As I think the film makes clear, I think it's come a considerable way. I regard Nostra Aetate, a declaration of the Second Vatican Council [on the church's relationship with non-Christian religions], as a huge, unexpected transformation of Christian and Catholic theology. The question that remains is to what extent the hierarchy of the church will fulfill the promise of Nostra Aetate, or whether it's even going to roll it back. A couple of signals from Benedict are cause for questions, if not more than that. I'm thinking of his reauthorization of the prayer for the conversion of the Jews.
As part of bringing back the Latin Mass, you mean.
That's right. That may seem like an issue of good manners, but it goes much deeper than that. Nostra Aetate did two things: It renounced the Christ-killer charge against the Jews, but it also affirmed the permanent validity of God's covenant with Israel. Judaism is not an obsolete religion. That's an absolute repeal of a basic Christian principle, and it's hugely important, the affirmation that Jews have this covenantal relationship with God. And the corollary is that it's no longer necessary or proper for Christians to proselytize with Jews, trying to get them to be baptized. That's a huge change, and an extremely important one.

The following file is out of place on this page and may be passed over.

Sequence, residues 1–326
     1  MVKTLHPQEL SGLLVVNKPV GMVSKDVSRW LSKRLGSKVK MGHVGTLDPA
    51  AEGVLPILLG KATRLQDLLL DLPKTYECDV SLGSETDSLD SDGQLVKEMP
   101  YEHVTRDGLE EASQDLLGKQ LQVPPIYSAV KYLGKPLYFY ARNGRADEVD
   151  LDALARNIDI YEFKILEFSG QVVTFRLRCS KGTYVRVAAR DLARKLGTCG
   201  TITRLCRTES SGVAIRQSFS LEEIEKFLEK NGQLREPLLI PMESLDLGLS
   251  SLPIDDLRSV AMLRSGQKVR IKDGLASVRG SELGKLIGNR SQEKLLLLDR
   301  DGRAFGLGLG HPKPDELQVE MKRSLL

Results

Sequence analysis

People who only watch my film with one eye think it's tracing a dark history. But with the other eye, it really puts on the record this tremendous act of repentant change that the Catholic Church accomplished at the Second Vatican Council. It's hugely important that it be carried through, and not be rolled back. That involves two things: The church's willingness to reckon with the history of Christian anti-Semitism, and to fulfill the theological change of Nostra Aetate.
In the film, I raise the question of whether Pope Benedict is stepping back from a full reckoning with the full history of Christian anti-Semitism. I was bothered when he spoke at a synagogue in Cologne and laid the responsibility for Nazi anti-Semitism on what he called neo-paganism [the official Nazi religion]. That's just gravely inadequate. For a German pope to do that -- I just felt obliged to lift it up. The news media didn't pay attention to that. But Catholics and Jews who've been part of the Jewish-Christian dialogue recognized that as a troubling signal.
It'll be interesting to see what the pope says at the synagogue in New York. He'll have to address the history of Christian anti-Semitism in some way, and he'll probably have to address the Holocaust. When he went to Auschwitz, a few months after speaking in Cologne, he also manifested a very incomplete notion of Christian history in relationship to Auschwitz. Both in what he said and in the incredibly troubling symbolism of the people he greeted there.